|Named after||James Clerk Maxwell|
|Name in Saurian|| Mupnoccaim (Mn)|
|Systematic name|| Unbihexium (Ubh)|
|Location on the periodic table|
|Element left of Maxwellium||Daltonium|
|Element right of Maxwellium||Planckium|
|336.7883 u, 559.2500 yg|
|Atomic radius||167 pm, 1.67 Å|
|Covalent radius||182 pm, 1.82 Å|
|van der Waals radius||197 pm, 1.97 Å|
|s||334 (126 p+, 208 no)|
|Electron configuration||[Og] 5g2 6f3 8s2 8p1|
|Electrons per shell||2, 8, 18, 32, 34, 20, 9, 3|
|Oxidation states|| +1, +2, +4, +6, +7, +8|
(a strongly basic oxide)
|First ionization energy||374.0 kJ/mol, 3.877 eV|
|Electron affinity||55.7 kJ/mol, 0.577 eV|
|Molar mass||336.788 g/mol|
|Molar volume||23.593 cm3/mol|
|Atomic number density|| 1.79 × 1021 g−1|
2.55 × 1022 cm−3
|Average atomic separation||340 pm, 3.40 Å|
|Crystal structure||Base-centered orthorhombic|
|Melting point|| 935.37 K, 1683.67°R|
|Boiling point|| 1401.43 K, 2522.58°R|
|Liquid range||466.06 , 838.91|
|Triple point|| 935.27 K, 1683.49°R|
@ 192.53 Pa, 1.4441 torr
|Critical point|| 2955.14 K, 5319.26°R|
@ 57.4017 MPa, 566.512 atm
|Heat of fusion||10.038 kJ/mol|
|Heat of vaporization||138.960 kJ/mol|
|Heat capacity|| 0.08053 J/(g• ), 0.14496 J/(g• )|
27.123 J/(mol• ), 48.821 J/(mol• )
|Abundance in the universe|
|By mass|| Relative: 6.80 × 10−16|
Absolute: 2.28 × 1037 kg
|By atom||5.30 × 10−17|
Maxwellium is the provisional non-systematic name of an undiscovered element with the symbol Mw and atomic number 126. Maxwellium was named in honor of James Clerk Maxwell (1831–1879), who first developed the electromagnetic theory. This element is known in the scientific literature as unbihexium (Ubh) or simply element 126. Maxwellium is the sixth element of the lavoiside series and located in the periodic table coordinate 5g6.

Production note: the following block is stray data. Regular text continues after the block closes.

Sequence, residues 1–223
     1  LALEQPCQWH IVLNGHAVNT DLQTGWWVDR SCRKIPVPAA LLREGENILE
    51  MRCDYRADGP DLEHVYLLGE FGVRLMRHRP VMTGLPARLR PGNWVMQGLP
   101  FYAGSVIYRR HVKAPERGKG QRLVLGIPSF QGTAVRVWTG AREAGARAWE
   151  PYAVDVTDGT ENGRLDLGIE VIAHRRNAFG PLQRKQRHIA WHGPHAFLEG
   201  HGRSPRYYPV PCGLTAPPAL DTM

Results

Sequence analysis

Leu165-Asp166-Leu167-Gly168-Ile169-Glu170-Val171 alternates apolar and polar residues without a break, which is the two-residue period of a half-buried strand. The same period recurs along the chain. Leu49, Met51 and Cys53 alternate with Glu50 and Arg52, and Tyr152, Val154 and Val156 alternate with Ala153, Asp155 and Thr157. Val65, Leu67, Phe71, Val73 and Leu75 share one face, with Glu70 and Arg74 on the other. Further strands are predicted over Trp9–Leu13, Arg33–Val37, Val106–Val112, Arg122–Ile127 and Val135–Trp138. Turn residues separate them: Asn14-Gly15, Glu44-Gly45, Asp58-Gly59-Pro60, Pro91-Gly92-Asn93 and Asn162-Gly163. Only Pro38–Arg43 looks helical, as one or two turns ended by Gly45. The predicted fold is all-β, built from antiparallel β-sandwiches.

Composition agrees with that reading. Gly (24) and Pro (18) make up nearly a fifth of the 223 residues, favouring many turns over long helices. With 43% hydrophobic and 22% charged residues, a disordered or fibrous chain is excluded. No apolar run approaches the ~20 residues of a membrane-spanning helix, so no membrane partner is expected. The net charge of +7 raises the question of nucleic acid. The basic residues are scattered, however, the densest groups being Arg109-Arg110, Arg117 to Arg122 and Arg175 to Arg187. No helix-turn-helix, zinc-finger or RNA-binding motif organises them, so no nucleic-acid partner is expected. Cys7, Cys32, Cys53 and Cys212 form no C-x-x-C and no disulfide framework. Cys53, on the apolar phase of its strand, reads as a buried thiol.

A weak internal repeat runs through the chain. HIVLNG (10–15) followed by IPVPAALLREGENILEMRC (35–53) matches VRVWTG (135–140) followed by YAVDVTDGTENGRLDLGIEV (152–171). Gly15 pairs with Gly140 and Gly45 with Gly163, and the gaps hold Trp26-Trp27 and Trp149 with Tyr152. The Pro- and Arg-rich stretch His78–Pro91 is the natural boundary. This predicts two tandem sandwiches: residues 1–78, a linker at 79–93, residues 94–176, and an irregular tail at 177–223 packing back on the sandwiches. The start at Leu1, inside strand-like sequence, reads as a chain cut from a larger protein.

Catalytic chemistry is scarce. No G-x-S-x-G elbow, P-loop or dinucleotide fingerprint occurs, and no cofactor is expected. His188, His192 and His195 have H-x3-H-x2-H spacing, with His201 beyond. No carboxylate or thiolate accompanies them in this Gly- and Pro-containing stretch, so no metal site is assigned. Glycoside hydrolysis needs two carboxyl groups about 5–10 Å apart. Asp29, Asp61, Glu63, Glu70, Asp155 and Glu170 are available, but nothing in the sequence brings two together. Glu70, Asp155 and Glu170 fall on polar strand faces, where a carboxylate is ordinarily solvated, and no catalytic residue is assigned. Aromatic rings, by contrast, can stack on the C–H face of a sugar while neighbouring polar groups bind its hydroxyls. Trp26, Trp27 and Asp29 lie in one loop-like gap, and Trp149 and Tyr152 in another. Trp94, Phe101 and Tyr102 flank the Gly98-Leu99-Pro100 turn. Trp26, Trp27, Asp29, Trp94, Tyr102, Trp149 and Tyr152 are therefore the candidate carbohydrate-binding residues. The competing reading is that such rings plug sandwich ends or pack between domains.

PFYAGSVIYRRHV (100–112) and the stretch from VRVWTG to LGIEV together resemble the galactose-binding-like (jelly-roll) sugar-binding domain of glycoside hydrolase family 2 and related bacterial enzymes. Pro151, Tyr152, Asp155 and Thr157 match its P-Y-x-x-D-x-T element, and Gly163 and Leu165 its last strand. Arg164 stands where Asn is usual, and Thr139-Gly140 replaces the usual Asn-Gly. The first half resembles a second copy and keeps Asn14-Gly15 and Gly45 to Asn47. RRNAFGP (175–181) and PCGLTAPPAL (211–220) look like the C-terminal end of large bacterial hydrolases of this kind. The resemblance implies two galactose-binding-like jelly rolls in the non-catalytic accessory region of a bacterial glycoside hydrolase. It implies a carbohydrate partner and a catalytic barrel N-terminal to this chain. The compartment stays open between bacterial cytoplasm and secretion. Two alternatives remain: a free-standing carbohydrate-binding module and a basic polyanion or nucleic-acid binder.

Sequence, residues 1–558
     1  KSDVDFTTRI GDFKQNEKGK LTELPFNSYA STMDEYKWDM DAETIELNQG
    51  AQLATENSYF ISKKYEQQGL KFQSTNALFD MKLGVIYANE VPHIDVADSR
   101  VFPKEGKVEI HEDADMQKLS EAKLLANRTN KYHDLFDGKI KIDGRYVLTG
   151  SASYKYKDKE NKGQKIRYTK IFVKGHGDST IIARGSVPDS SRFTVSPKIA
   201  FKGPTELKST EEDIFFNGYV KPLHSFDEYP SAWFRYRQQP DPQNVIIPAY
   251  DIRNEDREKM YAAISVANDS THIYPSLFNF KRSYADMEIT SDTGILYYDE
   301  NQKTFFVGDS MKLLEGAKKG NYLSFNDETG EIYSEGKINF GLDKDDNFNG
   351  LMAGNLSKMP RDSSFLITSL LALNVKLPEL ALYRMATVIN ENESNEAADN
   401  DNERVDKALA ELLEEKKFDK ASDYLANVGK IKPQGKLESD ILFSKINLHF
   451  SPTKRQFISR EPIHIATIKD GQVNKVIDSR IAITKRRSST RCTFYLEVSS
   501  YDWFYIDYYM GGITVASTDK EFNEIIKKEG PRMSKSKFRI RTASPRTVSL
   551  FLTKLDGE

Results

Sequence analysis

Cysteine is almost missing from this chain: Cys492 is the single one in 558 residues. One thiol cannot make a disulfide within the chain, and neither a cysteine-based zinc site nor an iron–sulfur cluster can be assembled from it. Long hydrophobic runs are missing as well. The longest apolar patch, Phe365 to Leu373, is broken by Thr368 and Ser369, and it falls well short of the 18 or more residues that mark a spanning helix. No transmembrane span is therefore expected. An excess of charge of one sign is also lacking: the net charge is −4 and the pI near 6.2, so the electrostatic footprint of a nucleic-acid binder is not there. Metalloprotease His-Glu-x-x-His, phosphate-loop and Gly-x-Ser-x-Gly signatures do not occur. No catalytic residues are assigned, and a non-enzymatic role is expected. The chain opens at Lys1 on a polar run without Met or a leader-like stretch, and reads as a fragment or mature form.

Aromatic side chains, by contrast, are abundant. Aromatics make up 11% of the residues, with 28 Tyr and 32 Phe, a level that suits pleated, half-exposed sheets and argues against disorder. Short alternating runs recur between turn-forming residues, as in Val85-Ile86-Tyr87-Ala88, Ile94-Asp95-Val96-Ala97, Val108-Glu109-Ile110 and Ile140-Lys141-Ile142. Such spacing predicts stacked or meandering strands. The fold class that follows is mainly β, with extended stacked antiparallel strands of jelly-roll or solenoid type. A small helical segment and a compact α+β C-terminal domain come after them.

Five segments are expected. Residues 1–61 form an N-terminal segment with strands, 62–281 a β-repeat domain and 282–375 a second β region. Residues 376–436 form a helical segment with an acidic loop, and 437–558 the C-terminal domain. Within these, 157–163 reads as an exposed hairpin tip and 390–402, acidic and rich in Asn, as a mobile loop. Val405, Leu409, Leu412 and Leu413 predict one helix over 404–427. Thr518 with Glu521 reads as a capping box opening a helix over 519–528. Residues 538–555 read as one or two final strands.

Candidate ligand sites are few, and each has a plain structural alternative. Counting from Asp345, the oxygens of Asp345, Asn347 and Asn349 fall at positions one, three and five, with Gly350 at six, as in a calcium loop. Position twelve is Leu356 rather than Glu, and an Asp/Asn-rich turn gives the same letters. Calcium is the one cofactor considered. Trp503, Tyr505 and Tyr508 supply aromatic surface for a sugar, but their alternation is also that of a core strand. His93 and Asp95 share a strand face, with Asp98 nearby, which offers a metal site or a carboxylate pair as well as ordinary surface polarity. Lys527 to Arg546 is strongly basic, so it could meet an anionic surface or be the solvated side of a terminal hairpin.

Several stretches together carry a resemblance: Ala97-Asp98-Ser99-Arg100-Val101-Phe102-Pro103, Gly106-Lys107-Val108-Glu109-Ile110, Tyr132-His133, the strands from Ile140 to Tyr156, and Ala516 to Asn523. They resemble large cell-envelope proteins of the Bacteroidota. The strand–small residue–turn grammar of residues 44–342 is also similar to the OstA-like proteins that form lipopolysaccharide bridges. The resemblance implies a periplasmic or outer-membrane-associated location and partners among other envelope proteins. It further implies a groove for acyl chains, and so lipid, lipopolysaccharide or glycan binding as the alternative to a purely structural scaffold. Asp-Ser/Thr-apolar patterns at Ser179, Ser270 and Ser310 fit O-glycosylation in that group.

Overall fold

Atomic properties Edit
Maxwellium has 126 protons, hence its atomic number, and 208 neutrons that make up the nucleus. Its atomic mass, summing up all of the subatomic particles within the atom, including electrons, is 336.7883 daltons.
There are 126 electrons in eight energy levels and 24 orbitals. Due to relativistic effects, maxwellium has three electrons in the 6f orbital and one in the 8p orbital. This leaves 5g orbital with only two electrons instead of six as if the Madelung rule is followed.